New York Times about Google X

Die New York Times hat einen Artikel über Google X, ihr (jetzt nicht mehr so) supergeheimes Labor für künstliche Intelligenz und Robotik, wo sie an selbstfahrenden Autos basteln (die hatten sie im Frühjahr bereits vorgestellt, hier ein Clip einer Testfahrt, hier eine Präsentation vom Oktober), am Web of Things (vernetzte Kühlschränke und Glühbirnen und sowas) und an einem Space-Elevator bauen.

One Google engineer familiar with Google X said it was run as mysteriously as the C.I.A. — with two offices, a nondescript one for logistics, on the company’s Mountain View campus, and one for robots, in a secret location.

While software engineers toil away elsewhere at Google, the lab is filled with roboticists and electrical engineers. They have been hired from Microsoft, Nokia Labs, Stanford, M.I.T., Carnegie Mellon and New York University.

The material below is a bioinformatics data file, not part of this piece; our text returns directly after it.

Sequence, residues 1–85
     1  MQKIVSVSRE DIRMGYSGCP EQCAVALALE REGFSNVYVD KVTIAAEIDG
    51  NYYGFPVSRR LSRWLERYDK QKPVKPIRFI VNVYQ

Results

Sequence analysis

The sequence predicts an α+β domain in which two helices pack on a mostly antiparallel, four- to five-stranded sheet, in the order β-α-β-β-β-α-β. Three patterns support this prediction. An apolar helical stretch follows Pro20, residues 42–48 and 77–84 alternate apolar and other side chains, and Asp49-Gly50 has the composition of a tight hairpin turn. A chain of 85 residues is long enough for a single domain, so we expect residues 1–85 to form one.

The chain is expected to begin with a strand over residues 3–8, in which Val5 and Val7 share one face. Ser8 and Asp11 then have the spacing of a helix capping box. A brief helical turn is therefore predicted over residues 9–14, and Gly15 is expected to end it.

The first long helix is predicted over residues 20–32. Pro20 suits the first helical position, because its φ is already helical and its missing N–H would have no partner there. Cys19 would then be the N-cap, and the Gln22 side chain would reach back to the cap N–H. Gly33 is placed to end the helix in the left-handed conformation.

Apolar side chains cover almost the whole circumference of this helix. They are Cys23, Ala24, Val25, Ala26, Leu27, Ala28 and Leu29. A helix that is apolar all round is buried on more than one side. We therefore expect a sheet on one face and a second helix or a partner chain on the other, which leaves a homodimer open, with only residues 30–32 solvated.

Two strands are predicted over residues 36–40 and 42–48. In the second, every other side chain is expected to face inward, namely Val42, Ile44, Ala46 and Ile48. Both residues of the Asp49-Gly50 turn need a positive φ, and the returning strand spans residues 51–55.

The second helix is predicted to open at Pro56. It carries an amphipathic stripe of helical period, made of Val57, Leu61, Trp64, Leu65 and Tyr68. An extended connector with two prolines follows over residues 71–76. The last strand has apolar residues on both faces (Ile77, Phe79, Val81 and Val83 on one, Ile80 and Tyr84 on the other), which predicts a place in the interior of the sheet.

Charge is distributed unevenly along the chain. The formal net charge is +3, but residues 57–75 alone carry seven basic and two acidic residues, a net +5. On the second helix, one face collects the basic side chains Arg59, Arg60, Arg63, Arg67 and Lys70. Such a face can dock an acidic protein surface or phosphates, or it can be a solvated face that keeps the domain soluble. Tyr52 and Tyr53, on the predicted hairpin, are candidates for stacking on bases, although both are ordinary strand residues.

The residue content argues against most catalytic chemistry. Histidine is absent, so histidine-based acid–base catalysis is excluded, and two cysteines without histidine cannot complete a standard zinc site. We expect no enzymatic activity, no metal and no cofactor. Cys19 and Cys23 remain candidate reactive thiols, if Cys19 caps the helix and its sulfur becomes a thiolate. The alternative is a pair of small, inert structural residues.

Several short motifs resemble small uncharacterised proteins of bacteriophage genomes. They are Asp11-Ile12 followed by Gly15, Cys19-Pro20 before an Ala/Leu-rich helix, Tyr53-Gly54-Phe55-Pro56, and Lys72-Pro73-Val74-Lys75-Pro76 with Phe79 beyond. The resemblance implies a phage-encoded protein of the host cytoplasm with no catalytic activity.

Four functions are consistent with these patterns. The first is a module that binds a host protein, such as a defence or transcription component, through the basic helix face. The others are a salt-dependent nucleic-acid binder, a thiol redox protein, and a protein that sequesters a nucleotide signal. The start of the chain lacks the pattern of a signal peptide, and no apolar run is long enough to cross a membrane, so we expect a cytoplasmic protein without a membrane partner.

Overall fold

A leader at Google X is Sebastian Thrun, one of the world’s top robotics and artificial intelligence experts, who teaches computer science at Stanford and invented the world’s first driverless car. Also at the lab is Andrew Ng, another Stanford professor, who specializes in applying neuroscience to artificial intelligence to teach robots and machines to operate like people.

Johnny Chung Lee, a specialist in human-computer interaction, came to Google X from Microsoft this year after helping develop Microsoft’s Kinect, the video game player that responds to human movement and voice. At Google X, where he is working on the Web of things, according to people familiar with his role, he has the mysterious title of rapid evaluator.

At Google X, a Top-Secret Lab Dreaming Up the Future, mehr: Paris Lemon X (via Hacker News)